The Right Side

On the right side, the descending duodenum may be abnormally positioned posteriorly. Normally, the second portion of the duodenum descends immediately anterior to the medial half of the right kidney. In the right lateral projection during an upper gastrointestinal series, the descending duodenum projects anterior to the lumbar spine. With congenital absence or failure of ascent of the right kidney, the descending duodenum may occupy the area of the renal bed and project well over the lumbar spine (Figs. 9-47 and 9-48). Its course on a frontal radiograph appears normal.

Proximal jejunal loops may also occupy a similar position, filling in the renal fossa and coursing abnormally posteriorly (Figs. 9-47 and 9-48).

In right renal agenesis or ectopia, the posterior position ofjejunal loops within the renal bed might be most readily confused with a right paraduodenal her-

nia. The loops, however, do not possess the characteristic circular grouping, stasis, and dilatation; the identifiable afferent and efferent limbs; or the fixation and nondisplacement within an encapsulated hernial sac, despite multiple positions. Distinction is further made by arteriography. In agenesis of the right kidney, jejunal loops and their mesentery and vessels are deflected anterior to the superior mesenteric artery into the right flank. In a right paraduodenal hernia, jejunal loops and their mesentery and vessels pass through the fossa of Waldeyer posterior to the superior mesenteric artery into a hernial sac of the ascending mesocolon. Frontal projections alone thus show similar findings, with the jejunal arteries arising normally from the left side of the superior mesenteric artery and then coursing abruptly to the right to supply a group of small bowel loops in the right abdomen. Lateral projections during aortog-raphy or, more clearly, during selective superior mes-enteric arteriography readily differentiate between the two.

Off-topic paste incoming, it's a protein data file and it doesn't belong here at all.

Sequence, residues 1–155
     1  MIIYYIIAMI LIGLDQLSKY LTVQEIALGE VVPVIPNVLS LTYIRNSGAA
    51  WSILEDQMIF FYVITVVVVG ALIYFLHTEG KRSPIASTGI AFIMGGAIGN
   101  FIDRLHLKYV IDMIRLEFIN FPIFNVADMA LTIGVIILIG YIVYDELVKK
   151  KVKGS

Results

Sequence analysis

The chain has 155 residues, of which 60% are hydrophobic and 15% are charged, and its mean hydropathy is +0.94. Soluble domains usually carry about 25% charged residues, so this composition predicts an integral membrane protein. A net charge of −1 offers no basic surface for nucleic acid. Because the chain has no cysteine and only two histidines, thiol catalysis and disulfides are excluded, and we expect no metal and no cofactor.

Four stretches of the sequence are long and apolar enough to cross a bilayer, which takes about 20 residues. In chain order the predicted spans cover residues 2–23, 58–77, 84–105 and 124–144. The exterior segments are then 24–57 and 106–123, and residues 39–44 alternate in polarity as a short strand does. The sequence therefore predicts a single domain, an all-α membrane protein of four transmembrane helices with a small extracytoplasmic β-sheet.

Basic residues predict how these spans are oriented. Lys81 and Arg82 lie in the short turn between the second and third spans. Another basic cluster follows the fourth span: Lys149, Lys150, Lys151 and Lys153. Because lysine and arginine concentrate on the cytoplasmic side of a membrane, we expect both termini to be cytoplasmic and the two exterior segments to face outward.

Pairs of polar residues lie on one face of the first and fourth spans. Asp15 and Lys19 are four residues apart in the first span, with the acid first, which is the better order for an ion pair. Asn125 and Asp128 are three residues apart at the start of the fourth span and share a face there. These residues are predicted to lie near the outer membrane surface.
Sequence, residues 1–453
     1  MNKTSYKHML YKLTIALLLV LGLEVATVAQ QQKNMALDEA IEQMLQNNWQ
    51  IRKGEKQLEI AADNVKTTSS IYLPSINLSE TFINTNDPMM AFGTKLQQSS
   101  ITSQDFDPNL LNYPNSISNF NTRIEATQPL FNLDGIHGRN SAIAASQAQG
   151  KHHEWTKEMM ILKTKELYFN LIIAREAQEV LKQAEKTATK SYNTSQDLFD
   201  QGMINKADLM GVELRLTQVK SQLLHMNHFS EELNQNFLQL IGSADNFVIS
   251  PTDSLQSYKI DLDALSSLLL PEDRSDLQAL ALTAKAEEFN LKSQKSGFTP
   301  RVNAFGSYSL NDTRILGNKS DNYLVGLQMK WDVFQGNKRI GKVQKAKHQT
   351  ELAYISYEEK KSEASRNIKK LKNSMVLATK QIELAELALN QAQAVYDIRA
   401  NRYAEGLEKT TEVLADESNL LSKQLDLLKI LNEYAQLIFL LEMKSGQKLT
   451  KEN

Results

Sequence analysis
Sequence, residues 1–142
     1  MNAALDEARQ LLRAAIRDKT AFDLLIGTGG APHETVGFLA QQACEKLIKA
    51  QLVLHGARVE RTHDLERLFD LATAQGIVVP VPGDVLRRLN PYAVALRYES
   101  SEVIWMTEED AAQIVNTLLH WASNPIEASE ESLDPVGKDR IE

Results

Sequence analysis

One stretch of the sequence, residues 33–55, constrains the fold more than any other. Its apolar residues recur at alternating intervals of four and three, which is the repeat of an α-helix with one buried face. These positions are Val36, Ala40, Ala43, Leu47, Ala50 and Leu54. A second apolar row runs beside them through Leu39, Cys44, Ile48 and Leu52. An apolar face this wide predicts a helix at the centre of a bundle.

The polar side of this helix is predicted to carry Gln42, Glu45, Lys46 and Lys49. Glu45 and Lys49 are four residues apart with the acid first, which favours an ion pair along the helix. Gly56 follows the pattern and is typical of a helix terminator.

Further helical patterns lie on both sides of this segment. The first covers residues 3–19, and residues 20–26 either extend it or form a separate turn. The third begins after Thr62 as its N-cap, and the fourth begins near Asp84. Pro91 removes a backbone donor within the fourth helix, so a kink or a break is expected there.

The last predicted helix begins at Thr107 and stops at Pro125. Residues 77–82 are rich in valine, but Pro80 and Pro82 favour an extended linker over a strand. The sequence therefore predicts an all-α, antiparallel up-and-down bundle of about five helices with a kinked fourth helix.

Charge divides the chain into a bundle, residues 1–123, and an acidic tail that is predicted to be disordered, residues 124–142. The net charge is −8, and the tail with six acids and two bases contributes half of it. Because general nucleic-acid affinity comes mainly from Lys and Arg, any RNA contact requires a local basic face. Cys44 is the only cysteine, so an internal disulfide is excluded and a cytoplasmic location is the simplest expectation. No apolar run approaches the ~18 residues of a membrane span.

The posterior hepatic flexure of the colon may show characteristic posteromedial angulation, occupying the area of the right renal fossa21 (Figs. 9-49 and 9-50).

Essentials of Human Physiology

Essentials of Human Physiology

This ebook provides an introductory explanation of the workings of the human body, with an effort to draw connections between the body systems and explain their interdependencies. A framework for the book is homeostasis and how the body maintains balance within each system. This is intended as a first introduction to physiology for a college-level course.

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